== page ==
Richard North, 11/08/2018  
 


We started off this campaign more years ago than I care to remember with three basic options. There was the WTO Option, which was never a starter. Then there was the Swiss Option, favourite of the likes of Dan Hannan, and then there was the so-called Norway Option.

The Norway Option became our preferred option not by a process of selection but by one of elimination. Having ruled out the WTO option for very obvious reasons, the reservations applying to the Swiss Option were so great that this too was ruled out. This left only one standing.

Since that time, and with increasing intensity after the referendum, we find ourselves rehearsing the same arguments, plus having to take on sundry other variations invented by attention-seeking clever-dicks.

But basically, options remain the same, whatever names you give them. There is the unilateral option – aka WTO option or "no deal" scenario. Then there is the bilateral option. You can call it the Swiss Option, or a CETA variant, or anything else you like. But they all amount to the same thing – a bespoke agreement between the UK and the EU.

Then there is the multilateral option – joining an arrangement settled by other countries and already in operation. The only working example of this is the Efta/EEA option, still called the "Norway Option" by many.

Currently, we're having to struggle with the extended stupidity of the "Ultras" embracing the "WTO Option", while there is some renewed interest in the Efta/EEA Option, the effect of which is to shunt the Swiss Option into the background, where it lingers in relative obscurity – occasionally promoted by its original advocates such as Hannan.

However, while we are preoccupied with Brexit, life goes on. And it may come as a surprise that we're not the only ones negotiating a treaty with the EU. Switzerland has been back in the fray, discussing new arrangements to update their existing treaty arrangements.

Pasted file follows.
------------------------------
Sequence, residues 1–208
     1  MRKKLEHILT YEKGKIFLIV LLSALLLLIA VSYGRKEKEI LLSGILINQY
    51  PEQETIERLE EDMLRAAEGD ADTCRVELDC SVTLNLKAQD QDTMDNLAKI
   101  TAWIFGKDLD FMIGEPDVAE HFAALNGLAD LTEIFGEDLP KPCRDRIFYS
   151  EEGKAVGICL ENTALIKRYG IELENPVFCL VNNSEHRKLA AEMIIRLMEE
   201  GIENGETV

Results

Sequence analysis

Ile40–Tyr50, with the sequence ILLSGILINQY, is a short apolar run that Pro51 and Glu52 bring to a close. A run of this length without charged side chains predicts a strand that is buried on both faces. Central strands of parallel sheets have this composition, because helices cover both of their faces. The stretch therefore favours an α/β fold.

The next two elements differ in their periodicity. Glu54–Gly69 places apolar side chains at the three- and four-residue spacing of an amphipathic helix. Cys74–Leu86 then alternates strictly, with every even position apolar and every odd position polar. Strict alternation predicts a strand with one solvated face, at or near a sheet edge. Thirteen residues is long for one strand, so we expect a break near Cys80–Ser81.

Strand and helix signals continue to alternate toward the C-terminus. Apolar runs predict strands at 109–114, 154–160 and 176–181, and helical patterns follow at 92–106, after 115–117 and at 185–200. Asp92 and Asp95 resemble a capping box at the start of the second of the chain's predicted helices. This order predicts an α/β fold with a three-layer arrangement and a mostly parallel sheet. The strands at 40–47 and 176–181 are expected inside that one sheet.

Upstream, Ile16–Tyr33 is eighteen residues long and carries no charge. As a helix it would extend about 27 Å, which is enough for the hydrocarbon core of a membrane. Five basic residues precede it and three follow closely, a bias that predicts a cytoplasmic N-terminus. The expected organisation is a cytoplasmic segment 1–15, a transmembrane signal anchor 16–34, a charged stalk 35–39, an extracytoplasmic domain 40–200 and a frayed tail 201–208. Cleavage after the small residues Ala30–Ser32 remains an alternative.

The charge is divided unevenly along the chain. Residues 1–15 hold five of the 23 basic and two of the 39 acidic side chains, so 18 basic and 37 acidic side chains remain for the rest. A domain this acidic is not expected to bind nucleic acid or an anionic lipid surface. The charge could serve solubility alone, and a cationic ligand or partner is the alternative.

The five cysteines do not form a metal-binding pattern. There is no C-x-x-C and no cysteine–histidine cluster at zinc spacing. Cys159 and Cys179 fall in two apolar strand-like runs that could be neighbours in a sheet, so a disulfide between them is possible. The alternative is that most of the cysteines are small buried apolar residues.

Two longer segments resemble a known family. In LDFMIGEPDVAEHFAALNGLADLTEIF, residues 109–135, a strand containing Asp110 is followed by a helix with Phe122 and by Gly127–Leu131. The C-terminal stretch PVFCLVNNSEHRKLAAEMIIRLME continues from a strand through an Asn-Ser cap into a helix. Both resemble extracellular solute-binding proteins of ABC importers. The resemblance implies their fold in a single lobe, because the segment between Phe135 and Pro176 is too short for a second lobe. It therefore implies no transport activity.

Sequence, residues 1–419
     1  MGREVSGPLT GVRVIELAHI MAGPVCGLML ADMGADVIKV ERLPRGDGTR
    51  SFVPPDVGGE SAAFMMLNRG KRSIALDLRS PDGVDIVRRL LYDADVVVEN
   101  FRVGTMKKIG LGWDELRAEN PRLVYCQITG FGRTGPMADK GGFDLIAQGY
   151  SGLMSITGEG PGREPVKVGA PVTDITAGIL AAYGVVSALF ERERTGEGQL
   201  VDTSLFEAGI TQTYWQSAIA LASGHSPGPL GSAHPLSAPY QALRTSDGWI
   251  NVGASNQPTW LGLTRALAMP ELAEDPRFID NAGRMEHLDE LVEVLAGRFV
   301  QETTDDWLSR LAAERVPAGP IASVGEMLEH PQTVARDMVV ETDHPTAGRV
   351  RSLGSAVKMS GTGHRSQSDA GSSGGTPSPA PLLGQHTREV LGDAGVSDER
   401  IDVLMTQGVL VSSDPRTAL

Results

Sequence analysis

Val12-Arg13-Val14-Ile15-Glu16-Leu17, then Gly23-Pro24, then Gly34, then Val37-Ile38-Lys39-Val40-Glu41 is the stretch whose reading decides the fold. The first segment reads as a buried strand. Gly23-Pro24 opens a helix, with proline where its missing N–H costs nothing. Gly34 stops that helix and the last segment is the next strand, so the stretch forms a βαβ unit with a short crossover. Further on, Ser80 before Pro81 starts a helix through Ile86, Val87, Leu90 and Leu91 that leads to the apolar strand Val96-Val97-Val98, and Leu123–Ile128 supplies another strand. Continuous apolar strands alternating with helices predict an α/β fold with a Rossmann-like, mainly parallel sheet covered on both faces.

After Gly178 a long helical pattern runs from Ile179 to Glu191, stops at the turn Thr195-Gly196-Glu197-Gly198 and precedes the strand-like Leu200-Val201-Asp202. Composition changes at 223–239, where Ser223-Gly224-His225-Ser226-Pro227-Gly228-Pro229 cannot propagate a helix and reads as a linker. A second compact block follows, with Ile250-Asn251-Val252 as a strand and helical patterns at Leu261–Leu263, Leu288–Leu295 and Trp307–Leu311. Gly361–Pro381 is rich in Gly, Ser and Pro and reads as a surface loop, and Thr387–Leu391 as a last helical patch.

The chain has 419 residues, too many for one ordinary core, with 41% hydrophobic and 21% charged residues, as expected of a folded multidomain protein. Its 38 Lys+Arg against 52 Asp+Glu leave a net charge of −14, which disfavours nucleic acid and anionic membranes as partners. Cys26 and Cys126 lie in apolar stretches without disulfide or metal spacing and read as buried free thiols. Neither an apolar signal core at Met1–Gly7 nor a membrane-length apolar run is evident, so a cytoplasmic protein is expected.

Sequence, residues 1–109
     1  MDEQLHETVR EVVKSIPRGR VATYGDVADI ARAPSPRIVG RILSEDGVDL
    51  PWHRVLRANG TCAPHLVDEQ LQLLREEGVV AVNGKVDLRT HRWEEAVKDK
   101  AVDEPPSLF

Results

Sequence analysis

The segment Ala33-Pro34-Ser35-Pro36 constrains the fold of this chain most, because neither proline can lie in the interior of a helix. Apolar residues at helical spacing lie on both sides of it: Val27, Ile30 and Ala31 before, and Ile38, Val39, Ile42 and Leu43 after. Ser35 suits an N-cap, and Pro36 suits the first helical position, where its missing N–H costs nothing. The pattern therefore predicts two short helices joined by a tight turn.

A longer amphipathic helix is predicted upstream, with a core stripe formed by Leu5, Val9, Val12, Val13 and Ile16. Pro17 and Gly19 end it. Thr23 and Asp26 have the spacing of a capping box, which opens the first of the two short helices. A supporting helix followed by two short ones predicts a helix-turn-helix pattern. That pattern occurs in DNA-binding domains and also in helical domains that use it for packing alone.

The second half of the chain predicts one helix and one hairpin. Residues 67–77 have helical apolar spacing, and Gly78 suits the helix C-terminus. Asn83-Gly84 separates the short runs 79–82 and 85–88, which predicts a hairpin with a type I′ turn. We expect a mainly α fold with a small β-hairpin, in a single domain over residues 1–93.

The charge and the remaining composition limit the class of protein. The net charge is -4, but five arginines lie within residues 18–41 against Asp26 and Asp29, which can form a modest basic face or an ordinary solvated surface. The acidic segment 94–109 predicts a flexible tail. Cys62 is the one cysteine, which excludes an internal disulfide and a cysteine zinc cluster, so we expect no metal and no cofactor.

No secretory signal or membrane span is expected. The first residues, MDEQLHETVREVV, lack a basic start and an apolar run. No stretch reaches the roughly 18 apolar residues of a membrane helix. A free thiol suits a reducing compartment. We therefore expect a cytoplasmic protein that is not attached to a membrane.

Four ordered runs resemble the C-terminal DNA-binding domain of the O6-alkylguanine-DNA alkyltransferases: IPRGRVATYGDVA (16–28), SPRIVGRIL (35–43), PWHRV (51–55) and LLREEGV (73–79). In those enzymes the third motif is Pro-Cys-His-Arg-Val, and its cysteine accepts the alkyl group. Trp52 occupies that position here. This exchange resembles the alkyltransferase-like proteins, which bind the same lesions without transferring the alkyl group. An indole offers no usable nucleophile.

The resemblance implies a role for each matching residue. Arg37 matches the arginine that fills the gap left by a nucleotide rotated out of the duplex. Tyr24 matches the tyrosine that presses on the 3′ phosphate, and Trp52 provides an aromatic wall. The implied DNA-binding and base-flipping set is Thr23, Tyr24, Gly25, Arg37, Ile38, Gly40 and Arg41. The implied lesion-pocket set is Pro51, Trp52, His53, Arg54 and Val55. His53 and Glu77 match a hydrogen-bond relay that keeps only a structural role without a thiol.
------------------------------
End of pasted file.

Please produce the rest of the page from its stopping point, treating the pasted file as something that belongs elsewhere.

The plan was to tidy up the messy group of a hundred or so separate treaties, talks on which have been going on for some considerable time. And, at the end of June, the Swiss government was deciding whether there had been enough progress to settle a political deal that would lead to a brand new treaty.

The intention that it should be signed in 2019, the same year that the UK was due to leave the EU with its own withdrawal agreement. Any deal would then be put to a binding referendum, allowing the Swiss people to decide their own future.

Amongst the key issues on the table is conflict resolution, with the EU finally losing patience the separate arrangements and wanting the ECJ to act as the main arbitrator in settling legal disputes. The use of "foreign judges", however, was likely to be a no-go area for the Swiss People’s Party (SVP), giving them a political edge in the 2019 federal elections.